Komorebi #130

€180,00

Coral and green hitoe bachi eri kimono of the komon type with silver thread details along a botan pattern. It has been adapted to midi coat.

 

FIT 

Dress Length: 123 cm | 48.4"

Sleeve Length: 32 cm | 12.6"

Shoulder to Shoulder: 59 cm | 23.2"

 

MATERIAL 

Handmande in Japan

100% cotton

 

HISTORY 

A kimono without liner is called hitoe, which means "single cloth". It is exclusively worn from June to September, the Summer season in Japan. In bachi eri, the collar is folded and sewn down to the body, extending naturally towards the erisaki (the bottom of the collar). It is called bachi eri because its shape is like bachi, the stick used to play the samisen (a three-stringed traditional Japanese musical instrument derived from the Chinese instrument sanxian).

Komon is an informal kimono whose pattern repeats throughout the piece and often incorporates vertical stripes. Originally used as casual clothing, it is nowadays very rare since, with the westernization of clothing in Japan and the disuse of kimonos as a day-to-day wear, tailors have virtually ceased to produce it.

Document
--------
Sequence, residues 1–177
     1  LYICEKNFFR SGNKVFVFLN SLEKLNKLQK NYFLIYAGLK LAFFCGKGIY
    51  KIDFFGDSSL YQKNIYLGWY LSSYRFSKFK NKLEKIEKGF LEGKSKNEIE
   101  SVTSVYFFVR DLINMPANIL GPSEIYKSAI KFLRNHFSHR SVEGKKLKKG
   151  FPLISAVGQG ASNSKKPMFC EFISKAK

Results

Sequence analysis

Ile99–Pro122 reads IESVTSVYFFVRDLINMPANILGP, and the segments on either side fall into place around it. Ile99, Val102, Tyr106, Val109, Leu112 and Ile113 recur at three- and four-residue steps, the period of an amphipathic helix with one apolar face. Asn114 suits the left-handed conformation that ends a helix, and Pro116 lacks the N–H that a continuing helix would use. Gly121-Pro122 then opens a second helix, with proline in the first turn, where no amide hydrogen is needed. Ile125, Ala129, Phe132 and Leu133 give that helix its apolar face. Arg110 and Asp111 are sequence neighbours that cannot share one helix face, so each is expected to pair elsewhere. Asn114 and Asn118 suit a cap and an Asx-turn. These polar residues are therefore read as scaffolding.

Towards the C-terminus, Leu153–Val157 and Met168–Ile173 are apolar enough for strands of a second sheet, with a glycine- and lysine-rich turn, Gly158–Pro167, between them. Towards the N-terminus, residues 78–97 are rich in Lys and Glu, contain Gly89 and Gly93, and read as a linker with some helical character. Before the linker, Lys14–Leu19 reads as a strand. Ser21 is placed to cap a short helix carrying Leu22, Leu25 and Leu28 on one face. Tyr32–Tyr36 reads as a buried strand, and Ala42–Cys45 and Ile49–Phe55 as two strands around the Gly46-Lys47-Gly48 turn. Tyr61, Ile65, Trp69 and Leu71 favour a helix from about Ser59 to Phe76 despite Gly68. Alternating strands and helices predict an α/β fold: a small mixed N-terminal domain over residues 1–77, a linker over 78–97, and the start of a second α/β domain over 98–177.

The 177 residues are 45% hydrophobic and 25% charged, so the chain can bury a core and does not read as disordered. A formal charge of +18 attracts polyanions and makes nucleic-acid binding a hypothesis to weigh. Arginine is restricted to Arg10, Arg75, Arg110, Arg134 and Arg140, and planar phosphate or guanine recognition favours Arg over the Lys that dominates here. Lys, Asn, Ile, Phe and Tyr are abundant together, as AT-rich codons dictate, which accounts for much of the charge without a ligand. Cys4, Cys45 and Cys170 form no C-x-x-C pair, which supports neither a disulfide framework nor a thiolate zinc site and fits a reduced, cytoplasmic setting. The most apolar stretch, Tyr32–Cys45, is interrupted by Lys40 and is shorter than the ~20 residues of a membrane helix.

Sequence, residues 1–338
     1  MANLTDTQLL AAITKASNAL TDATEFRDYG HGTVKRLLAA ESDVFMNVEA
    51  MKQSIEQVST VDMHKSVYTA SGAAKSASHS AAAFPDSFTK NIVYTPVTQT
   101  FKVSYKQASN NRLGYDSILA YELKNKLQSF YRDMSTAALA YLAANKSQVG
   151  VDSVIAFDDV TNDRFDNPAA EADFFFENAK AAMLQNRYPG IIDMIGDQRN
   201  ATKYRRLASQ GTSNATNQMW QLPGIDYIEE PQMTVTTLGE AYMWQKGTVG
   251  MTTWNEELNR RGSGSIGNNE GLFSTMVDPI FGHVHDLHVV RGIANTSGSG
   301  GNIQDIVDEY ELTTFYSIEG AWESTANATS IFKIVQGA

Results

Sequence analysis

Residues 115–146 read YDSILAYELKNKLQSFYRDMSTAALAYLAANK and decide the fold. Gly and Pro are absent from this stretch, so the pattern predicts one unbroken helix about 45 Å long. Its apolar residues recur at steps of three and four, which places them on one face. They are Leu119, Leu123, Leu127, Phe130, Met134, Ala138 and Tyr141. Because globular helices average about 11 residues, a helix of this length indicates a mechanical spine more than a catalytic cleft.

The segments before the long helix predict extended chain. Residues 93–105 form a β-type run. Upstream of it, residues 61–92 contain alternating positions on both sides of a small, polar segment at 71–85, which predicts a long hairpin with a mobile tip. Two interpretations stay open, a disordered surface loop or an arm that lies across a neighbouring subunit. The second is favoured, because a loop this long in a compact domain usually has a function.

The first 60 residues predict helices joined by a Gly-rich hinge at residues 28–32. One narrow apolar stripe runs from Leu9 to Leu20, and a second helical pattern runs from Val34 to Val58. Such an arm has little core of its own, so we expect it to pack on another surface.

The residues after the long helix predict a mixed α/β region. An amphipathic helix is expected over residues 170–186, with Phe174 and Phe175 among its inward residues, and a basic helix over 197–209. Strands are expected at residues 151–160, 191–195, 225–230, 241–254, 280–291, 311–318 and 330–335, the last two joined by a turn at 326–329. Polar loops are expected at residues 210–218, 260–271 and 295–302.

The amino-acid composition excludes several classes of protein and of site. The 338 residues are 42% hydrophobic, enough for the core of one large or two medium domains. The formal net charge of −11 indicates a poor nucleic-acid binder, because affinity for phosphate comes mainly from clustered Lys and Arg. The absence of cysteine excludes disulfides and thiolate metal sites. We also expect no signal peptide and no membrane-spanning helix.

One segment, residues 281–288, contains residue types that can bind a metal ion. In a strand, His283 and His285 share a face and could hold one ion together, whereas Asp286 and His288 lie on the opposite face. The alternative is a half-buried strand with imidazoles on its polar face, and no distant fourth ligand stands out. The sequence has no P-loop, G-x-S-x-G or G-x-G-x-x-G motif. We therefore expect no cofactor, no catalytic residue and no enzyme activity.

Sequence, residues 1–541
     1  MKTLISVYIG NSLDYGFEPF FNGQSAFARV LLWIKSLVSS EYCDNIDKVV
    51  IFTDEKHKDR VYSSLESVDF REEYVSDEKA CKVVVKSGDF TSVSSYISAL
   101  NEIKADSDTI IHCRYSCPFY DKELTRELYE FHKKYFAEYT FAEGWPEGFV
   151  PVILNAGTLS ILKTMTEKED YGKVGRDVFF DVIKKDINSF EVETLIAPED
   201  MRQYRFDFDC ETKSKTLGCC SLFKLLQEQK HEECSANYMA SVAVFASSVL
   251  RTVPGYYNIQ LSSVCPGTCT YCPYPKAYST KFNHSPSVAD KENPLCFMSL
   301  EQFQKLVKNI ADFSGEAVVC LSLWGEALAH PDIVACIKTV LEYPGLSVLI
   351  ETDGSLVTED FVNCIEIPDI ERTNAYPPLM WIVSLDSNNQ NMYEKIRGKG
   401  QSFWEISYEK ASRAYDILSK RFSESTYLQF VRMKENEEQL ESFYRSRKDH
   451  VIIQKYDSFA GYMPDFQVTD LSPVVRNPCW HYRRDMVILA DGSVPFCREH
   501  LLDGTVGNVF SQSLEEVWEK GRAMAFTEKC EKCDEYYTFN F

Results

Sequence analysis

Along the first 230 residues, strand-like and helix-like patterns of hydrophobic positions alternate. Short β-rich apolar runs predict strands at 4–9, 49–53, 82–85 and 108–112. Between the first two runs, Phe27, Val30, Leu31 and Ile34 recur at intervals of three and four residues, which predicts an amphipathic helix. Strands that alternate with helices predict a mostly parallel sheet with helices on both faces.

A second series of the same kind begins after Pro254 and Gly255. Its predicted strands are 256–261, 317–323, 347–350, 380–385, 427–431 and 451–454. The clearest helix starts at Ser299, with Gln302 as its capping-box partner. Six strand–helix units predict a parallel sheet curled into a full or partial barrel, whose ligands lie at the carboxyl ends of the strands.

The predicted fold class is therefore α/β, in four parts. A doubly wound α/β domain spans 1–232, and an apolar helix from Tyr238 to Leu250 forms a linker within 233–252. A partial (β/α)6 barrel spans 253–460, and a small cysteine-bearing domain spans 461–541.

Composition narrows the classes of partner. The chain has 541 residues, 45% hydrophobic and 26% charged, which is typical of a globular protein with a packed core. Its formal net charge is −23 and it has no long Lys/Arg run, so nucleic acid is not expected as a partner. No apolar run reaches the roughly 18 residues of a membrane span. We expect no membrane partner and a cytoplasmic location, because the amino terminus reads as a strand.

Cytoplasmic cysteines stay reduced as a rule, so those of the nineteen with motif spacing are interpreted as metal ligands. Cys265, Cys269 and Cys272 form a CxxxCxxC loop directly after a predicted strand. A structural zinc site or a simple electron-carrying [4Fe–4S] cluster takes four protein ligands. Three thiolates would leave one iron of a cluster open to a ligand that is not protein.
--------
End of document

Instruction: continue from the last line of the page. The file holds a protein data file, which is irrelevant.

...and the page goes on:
Hanakotoba is the Japanese form of the language of flowers. The Japanese have a long tradition of associating meanings to flowers, and they have influenced numerous aspects of their culture from kimono to war. Flowers such as the sakura (cherry blossom) and kiku (chrysanthemum) are national symbols of Japan. Such flowers have the power to invoke powerful emotions and they are engaged in the people's thinking. Beyond these national symbols, others have more subtle meanings. In Japan, they are a traditional gift for both men and women, and are often used to convey what can't be spoken. Even nowadays, flower meanings make occasional appearances in modern popular culture such as manga and anime.

Botan (peony), which blooms in late Spring, has been justly called the "king of flowers". It is believed to have been firs introduced to Japan from China during the Nara period (710-94). Later, in the Heian period (794-1185), it was cultivated at temples throughout the country, grown at first for its medicinal properties and later for its beauty. In the late Muromachi period (1334-1537), the peony started making an appearance in paintings and sculpture. But it was not until the Edo period (1615-1868) that peonies became all the rage and numerous ornamental varieties were grown. This period also saw the cultivation of a winter blooming variety whose roots and blossoms are protected under canopies of straw. Love of the peonies continues to endure and it has remained a favorite kimono motif up to this day, symbolizing wealth, nobility and ageless beauty.

Most of the greenish colors were generated by vegetation and their names derived from vegetation and birds.

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